A few researchers have known for some time that a derivative of coconut oil, lauric acid and monolaurin, are safe antimicrobial agents that can either kill completely or stop the growth of some of the most dangerous viruses and bacteria. Many bacteria have become resistant to antibiotics but herbal oils such as the oils of oregano and the major fatty acid from coconut oil, lauric acid, which the body turns into the monoglyceride, monolaurin, are showing great promise as anti-bacterial and anti-viral agents. Monolaurin, in particular, is being shown to be useful in the prevention and treatment of severe bacterial infections, especially those that are difficult to treat or are antibiotic resistant. Difficult bacteria such as Staphylococcus aureus as well as other bacteria have been studied here in the United States in research groups such as Dr. H.G. Preuss’s group at Georgetown University. They found that monolaurin combined with herbal essential oils inhibited pathogenic bacteria both in the petri dish (in vitro) and also in mice (in vivo).4
1. Beneficial effects of virgin coconut oil on lipid parameters and in vitro LDL oxidation. K.G.Nevin and T. Rajamohan, Clinical Biochemistry 37,2004;830-835).
2. A Diet Rich in Coconut Oil Reduces Diurnal Postprandial Variations in Circulating Plasminogen Activator Antigen and Fasting Lipoprotein (a) Compared with a Diet Rich in Unsaturated Fat in Women. H. Muller, A.S. Lindman, A. Blomfeldt, I. Seljeflot and J.I. Pedersen. Journal of Nutrition. 133:3422-3427, 2003.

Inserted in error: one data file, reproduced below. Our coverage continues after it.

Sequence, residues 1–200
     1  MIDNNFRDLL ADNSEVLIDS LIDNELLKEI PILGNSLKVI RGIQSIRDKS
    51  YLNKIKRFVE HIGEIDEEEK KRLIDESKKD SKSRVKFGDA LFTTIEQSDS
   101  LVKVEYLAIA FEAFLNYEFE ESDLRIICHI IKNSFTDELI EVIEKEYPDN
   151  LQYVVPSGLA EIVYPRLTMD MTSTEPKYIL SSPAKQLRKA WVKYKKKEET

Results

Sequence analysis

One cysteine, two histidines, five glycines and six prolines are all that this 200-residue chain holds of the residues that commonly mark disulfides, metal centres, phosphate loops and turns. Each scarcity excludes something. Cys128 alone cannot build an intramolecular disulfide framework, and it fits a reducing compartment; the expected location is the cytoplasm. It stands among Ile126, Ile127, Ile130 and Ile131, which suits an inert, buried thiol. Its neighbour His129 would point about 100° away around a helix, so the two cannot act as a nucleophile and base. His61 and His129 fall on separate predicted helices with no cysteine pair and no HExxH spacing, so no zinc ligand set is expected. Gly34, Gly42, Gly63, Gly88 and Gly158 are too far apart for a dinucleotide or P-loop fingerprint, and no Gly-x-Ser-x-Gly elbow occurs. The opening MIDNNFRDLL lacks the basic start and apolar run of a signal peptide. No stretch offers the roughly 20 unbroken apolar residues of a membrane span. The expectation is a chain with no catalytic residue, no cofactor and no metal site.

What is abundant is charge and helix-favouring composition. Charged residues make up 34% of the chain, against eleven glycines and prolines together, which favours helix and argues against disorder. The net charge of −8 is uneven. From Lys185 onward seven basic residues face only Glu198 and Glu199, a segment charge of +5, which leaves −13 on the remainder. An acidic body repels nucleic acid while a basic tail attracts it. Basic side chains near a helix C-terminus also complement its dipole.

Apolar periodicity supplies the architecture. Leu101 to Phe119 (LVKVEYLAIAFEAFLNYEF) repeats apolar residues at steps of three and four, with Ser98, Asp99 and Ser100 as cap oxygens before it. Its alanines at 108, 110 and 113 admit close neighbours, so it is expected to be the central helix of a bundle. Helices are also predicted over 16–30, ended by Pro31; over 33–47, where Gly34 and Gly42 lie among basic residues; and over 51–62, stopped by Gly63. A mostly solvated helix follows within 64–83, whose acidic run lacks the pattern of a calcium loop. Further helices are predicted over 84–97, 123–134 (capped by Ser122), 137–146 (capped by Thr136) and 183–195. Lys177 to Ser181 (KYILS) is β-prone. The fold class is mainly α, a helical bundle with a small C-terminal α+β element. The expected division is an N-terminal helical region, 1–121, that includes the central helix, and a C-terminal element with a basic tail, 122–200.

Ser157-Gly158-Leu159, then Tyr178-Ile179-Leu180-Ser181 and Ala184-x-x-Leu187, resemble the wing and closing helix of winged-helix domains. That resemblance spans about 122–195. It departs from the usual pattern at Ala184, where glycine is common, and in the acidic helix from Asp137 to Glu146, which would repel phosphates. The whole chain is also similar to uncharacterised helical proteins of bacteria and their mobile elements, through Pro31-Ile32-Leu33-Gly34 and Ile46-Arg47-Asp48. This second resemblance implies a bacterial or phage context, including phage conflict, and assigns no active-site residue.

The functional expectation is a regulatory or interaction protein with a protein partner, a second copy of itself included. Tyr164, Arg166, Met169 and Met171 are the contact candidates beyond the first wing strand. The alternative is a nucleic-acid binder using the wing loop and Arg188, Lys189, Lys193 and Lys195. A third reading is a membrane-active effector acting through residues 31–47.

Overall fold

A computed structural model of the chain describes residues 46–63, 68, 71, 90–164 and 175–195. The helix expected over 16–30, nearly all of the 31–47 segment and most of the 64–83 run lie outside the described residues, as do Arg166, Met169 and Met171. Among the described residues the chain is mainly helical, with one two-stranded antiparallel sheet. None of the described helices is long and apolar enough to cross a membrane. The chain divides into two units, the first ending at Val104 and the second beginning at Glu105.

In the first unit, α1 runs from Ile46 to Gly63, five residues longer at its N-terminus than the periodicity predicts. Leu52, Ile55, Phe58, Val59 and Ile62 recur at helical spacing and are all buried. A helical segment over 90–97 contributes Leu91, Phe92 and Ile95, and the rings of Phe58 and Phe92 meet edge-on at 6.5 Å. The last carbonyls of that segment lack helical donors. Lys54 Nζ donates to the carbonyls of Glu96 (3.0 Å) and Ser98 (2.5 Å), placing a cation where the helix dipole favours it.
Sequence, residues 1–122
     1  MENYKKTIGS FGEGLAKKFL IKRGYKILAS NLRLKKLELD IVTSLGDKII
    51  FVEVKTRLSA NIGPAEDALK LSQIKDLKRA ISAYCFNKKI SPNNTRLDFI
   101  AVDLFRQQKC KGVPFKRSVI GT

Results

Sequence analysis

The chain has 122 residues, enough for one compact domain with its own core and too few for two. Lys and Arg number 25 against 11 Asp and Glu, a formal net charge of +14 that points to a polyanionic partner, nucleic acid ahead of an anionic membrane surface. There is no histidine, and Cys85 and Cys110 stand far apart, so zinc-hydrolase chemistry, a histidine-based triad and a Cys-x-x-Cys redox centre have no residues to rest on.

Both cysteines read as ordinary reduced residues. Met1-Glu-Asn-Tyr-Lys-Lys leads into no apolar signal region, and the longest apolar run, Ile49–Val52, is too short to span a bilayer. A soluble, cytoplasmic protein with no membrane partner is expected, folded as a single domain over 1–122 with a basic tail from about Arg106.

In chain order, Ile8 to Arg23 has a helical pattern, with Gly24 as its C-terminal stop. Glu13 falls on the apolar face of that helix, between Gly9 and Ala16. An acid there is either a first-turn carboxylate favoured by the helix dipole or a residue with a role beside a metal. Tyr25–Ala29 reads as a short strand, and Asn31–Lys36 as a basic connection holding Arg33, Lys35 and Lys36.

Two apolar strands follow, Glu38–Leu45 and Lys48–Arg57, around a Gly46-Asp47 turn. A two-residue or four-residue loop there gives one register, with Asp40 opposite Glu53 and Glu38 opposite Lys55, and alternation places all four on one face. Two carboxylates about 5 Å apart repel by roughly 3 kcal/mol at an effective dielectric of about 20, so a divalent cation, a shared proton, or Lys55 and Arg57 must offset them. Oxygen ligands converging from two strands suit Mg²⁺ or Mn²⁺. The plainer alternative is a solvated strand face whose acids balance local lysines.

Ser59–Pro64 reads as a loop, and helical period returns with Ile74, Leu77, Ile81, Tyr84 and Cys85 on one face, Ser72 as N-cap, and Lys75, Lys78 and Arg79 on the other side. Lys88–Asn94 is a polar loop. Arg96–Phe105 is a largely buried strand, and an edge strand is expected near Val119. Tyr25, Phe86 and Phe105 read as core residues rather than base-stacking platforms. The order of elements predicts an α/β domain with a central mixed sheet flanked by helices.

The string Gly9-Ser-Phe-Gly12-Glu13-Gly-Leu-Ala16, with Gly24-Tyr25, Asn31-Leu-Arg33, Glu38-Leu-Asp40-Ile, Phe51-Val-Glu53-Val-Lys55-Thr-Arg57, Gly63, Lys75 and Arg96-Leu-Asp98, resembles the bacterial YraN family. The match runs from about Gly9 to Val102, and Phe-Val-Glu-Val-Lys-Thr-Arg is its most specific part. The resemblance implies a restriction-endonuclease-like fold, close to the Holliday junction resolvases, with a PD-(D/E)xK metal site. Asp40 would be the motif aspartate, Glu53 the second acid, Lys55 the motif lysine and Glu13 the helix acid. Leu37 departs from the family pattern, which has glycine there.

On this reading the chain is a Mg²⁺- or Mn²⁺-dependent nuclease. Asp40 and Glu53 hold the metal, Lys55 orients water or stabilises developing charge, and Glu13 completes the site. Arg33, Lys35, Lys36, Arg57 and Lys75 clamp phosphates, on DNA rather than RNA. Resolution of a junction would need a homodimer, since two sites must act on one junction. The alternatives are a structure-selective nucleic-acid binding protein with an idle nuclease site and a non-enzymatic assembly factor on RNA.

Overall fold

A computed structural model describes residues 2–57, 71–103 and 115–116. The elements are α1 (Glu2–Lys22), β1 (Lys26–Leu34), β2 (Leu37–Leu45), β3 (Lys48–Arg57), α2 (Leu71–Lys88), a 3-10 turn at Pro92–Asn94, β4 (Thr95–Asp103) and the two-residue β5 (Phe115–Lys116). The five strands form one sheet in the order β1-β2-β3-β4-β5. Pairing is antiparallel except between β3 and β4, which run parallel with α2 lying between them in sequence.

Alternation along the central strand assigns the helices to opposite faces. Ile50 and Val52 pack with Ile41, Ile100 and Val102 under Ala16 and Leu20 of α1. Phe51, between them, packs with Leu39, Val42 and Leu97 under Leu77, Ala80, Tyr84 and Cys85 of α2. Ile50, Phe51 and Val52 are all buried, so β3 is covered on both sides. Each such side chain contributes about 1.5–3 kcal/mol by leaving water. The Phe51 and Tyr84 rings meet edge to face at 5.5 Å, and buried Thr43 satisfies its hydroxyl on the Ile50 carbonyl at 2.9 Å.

3. Successful treatment of acute aluminium phosphide poisoning: possible benefit of coconut oil. S. Shahin, R. Mojgan, P. Abdolkarim, R. Mmohammad-Hosein, A. Mohammad. Human & Experimental Toxicology, 24:215-218, 2005).
4. Minimum inhibitory concentrations of herbal essential oils and monolaurin for gram-positive and gram-negative bacteria. Preuss HG, Echard B, Enig M, Brook I, Elliott TB. Molecular Cell Biochemistry, 2005:272:29-34).
About the Author
Mary G. Enig, PhD is an expert of international renown in the field of lipid biochemistry. She has headed a number of studies on the content and effects of trans fatty acids in America and Israel, and has successfully challenged government assertions that dietary animal fat causes cancer and heart disease. Recent scientific and media attention on the possible adverse health effects of trans fatty acids has brought increased attention to her work. She is a licensed nutritionist, certified by the Certification Board for Nutrition Specialists, a qualified expert witness, nutrition consultant to individuals, industry and state and federal governments, contributing editor to a number of scientific publications, Fellow of the American College of Nutrition and President of the Maryland Nutritionists Association. She is the author of over 60 technical papers and presentations, as well as a popular lecturer. Dr. Enig is currently working on the exploratory development of an adjunct therapy for AIDS using complete medium chain saturated fatty acids from whole foods. She is Vice-President of the Weston A Price Foundation and Scientific Editor of Wise Traditions as well as the author of Know Your Fats: The Complete Primer for Understanding the Nutrition of Fats, Oils, and Cholesterol, Bethesda Press, May 2000. She is the mother of three healthy children brought up on whole foods including butter, cream, eggs and meat.